During that moment, he has everything the name stands for: wine, sea and that sensibility of a man who had the courage to go for the unexplored. The cuvées are then bottled with a mixture of sugar and yeast and corked again to carry out the second fermentation that will give life to the bubbles. After frothing, the bottles are lowered into the sea and left to age: 18 months for the Abissi, 24 for the Rosé, 36 for the Riserva. Once returned to the surface, the bottles are taken back and topped off with the same wine without the addition of liquor d’expédition. Indeed, all Piero’s sparkling wines have always strictly been pas dosè to enhance the salty taste of the Ligurian grapes.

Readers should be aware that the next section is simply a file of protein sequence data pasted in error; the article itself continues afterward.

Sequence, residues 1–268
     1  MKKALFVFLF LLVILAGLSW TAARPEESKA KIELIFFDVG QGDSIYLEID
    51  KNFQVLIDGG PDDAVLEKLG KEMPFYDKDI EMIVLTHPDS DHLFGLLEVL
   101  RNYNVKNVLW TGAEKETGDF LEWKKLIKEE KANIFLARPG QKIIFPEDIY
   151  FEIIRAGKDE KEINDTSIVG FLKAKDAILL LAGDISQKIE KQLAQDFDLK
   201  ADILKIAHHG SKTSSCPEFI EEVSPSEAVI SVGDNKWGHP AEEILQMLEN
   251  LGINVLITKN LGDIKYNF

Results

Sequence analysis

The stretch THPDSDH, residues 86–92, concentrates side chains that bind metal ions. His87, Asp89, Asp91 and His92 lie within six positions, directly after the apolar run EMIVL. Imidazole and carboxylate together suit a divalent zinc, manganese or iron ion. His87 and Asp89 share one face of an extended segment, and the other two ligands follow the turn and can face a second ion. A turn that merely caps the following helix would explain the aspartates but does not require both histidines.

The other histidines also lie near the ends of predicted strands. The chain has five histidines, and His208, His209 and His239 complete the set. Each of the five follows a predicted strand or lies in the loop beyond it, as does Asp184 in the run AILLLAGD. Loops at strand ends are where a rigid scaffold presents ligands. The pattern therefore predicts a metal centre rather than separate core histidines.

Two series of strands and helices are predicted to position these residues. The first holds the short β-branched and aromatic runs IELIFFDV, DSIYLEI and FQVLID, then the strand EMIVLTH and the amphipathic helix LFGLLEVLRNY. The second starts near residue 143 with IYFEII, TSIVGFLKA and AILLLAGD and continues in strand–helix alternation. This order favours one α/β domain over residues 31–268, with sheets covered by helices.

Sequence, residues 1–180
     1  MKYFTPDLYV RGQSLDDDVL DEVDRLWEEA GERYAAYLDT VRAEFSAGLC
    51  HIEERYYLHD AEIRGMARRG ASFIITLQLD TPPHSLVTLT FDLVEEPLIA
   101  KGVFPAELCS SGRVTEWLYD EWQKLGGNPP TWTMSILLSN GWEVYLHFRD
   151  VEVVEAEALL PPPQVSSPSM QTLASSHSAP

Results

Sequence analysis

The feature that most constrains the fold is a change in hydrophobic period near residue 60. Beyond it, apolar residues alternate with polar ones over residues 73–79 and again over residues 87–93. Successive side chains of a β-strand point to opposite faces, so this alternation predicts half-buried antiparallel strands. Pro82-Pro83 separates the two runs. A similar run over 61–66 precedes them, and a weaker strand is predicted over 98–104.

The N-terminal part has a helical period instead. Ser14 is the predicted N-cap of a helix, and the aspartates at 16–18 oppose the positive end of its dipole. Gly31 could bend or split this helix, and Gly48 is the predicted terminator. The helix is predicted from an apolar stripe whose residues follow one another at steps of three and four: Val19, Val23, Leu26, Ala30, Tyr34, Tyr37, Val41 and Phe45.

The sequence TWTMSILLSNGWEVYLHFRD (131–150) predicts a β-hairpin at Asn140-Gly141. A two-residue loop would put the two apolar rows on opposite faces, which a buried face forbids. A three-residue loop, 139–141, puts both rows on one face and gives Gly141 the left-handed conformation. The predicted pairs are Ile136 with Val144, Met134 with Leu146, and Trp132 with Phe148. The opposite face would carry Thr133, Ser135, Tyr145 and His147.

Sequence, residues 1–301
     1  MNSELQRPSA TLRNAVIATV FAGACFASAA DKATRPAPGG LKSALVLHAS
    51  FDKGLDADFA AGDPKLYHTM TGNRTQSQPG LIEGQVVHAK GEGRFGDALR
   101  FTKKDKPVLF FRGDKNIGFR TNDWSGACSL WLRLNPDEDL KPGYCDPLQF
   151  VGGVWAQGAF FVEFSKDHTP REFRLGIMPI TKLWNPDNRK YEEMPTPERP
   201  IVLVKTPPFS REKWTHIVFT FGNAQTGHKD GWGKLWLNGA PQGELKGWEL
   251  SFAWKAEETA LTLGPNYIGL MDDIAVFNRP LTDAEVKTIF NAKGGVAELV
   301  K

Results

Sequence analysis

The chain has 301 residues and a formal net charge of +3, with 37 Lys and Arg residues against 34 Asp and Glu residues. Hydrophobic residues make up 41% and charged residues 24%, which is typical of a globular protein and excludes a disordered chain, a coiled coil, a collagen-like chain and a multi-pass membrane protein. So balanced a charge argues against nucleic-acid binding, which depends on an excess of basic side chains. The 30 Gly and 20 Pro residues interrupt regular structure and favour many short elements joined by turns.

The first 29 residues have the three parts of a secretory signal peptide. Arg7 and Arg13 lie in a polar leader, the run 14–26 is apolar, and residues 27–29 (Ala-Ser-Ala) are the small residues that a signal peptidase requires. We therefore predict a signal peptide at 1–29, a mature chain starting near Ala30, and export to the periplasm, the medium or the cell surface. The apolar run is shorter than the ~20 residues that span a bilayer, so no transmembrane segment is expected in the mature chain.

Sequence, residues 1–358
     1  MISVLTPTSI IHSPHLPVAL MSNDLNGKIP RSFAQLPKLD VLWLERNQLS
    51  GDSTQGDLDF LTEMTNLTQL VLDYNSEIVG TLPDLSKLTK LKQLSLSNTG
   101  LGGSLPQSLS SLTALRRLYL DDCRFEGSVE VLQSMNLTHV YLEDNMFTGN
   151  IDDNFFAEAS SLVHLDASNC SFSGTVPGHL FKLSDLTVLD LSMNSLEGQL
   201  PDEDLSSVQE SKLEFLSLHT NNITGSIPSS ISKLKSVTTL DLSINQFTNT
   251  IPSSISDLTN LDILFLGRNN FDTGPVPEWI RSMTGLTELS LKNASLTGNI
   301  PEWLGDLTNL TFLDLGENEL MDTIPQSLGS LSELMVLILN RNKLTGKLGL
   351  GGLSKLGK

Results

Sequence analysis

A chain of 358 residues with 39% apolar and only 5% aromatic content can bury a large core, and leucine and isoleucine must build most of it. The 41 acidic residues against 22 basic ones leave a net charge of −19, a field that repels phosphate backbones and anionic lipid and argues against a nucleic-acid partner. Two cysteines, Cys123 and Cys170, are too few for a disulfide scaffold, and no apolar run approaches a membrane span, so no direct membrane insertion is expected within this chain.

Finally, each bottle is sealed by the transparent film and placed on the market, ready to be uncorked (or why not, tasted) while dreaming of Captain Flint’s treasure.